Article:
Affiliated Research Labs
Led by Dr. David Rast III, the Group Processes and Leadership lab at the University of Alberta focuses on social and psychological processes within and between groups, especially as it relates to leadership. They further explore the impact of group membership on individual cognitions, attitudes, and behaviors and how they interact with group leadership.
The Social Identity Lab at Claremont is directed by Dr. Michael Hogg and serves as a central hub for Social Identity research on intergroup relations, self-concept, and group processes. Self-uncertainty, identity, and intergroup contexts are just a few of the topics this lab covers through the applied research of Social Identity Theory.
Through the use of Social Psychology theory and research, William D. Crano's lab aims to improve health outcomes for patients by looking for means of enhancing health (for example reducing anxiety) and preventing avoidable issues (such as substance misuse). They focus on Social Psychology pathways for prevention and the promotion of healthy behaviors and hope to improve health outcomes for patients through the use of applied research.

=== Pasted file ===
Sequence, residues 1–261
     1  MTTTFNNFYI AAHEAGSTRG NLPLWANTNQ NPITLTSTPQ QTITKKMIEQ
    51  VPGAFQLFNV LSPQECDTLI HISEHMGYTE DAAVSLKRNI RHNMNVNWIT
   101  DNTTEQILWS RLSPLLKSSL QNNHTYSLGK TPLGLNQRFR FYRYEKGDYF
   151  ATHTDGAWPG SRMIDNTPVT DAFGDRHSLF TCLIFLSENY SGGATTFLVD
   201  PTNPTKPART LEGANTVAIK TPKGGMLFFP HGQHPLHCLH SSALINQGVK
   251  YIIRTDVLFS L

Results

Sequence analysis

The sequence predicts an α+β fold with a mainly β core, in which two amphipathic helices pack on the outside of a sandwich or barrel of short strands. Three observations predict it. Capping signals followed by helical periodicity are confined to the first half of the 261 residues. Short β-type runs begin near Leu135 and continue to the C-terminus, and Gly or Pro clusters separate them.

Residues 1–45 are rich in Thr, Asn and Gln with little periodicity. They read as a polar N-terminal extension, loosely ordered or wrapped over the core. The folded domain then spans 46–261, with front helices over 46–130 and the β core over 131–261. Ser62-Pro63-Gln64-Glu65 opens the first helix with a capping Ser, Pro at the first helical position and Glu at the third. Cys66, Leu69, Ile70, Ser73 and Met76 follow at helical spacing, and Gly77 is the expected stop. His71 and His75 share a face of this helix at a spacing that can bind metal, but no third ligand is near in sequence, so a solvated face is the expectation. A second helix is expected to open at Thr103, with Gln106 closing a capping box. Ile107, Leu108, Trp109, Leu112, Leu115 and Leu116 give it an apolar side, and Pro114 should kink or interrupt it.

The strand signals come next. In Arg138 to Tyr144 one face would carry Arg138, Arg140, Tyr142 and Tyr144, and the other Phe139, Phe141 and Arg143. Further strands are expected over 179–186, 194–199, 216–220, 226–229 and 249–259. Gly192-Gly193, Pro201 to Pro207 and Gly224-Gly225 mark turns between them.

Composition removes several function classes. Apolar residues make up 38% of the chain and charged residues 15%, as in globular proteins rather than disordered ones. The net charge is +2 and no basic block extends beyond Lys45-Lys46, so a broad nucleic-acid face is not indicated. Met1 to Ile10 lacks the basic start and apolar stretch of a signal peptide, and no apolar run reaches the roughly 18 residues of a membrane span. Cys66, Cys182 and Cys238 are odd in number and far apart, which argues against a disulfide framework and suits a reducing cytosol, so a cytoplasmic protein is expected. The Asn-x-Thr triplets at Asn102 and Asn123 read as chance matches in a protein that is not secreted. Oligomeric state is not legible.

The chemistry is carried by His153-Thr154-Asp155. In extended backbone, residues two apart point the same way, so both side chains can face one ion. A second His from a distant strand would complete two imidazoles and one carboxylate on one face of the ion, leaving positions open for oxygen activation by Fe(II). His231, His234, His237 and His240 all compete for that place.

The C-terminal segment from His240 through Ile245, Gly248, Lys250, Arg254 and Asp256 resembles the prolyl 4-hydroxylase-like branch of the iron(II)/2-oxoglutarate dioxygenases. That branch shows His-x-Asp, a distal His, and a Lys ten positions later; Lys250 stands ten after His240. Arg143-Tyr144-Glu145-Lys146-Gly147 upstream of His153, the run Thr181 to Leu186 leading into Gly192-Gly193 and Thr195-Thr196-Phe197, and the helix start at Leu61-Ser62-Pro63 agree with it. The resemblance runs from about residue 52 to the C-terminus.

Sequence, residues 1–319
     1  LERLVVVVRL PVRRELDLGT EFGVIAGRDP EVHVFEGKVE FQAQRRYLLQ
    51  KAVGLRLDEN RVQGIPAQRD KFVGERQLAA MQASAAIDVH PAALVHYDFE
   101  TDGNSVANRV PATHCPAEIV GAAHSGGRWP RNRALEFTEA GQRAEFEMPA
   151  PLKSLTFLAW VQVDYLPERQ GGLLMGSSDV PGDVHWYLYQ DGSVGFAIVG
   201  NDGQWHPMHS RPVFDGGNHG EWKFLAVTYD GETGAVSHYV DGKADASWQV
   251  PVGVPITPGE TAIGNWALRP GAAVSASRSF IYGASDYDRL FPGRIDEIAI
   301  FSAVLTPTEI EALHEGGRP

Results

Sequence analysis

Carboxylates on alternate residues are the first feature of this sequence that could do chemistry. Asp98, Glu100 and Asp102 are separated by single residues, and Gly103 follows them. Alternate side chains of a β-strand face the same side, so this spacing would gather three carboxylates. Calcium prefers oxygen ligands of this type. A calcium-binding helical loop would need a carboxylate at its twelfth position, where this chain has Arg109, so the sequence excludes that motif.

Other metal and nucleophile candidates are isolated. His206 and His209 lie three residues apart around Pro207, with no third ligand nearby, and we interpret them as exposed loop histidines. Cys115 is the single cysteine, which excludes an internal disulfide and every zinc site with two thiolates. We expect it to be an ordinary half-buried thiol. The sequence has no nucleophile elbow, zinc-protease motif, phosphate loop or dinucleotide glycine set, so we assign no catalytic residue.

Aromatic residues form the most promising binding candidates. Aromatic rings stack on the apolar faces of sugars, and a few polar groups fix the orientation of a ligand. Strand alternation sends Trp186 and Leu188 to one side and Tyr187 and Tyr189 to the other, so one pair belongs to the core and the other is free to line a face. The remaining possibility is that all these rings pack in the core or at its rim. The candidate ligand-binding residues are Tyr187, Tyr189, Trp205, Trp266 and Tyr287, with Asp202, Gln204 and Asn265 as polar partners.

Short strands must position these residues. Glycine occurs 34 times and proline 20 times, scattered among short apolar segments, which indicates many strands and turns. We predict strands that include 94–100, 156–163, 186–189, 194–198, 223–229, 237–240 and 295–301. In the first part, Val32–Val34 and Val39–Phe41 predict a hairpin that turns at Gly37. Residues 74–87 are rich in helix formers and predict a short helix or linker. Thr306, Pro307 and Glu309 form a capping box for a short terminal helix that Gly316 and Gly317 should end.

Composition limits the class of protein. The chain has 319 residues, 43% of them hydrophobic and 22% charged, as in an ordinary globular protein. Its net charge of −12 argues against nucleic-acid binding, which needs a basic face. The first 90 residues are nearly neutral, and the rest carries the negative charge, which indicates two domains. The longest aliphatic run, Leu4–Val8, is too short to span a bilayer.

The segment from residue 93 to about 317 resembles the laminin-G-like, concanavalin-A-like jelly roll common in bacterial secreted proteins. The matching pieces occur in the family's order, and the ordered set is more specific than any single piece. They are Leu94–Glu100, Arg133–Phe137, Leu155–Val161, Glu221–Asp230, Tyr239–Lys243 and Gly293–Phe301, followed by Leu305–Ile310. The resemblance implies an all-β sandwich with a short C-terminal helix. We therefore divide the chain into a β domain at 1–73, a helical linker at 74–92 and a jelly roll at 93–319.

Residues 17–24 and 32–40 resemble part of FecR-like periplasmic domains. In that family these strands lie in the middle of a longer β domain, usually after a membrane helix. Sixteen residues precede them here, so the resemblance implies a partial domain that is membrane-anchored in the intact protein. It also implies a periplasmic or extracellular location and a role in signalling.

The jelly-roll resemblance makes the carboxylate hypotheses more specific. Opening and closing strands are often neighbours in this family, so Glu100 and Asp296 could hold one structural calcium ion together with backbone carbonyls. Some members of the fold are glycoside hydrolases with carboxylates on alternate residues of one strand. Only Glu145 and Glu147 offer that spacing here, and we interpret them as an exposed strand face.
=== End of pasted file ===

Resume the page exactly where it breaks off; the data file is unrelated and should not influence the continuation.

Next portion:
The Social Identity Theory and Health lab at Texas Tech University focuses on applied research relating to health from a Social Identity perspective and is led by Dr. Zachary Hohman. This lab looks at influence processes within and between groups, self uncertainty, self concept and intergroup contexts. They investigate health behaviors through the combined lenses of intergroup relations and social influence with the hope of improving health outcomes.
Dr. Blanchard investigates online and face-to-face organizations and communities. She is the head of VICE or Virtual Identity, Community, and Entitativity Lab at UNC, which uses interdisciplinary lenses to investigate individuals perceptions of groups and communities, both online and offline. Through organizational psychology, social psychology, sociology, computing and management the VICE lab investigates entitativity in digital and in-person groups.
IWAH, or Identification With All of Humanity, is an international research team that investigates the psychological and social impact of a global identification with humanity. This team of people from around the world work to investigate, share, and apply knowledge of identification with all of humanity in the hopes of increasing a shared sense of global community, reducing prejudice, and ultimately improving the human condition.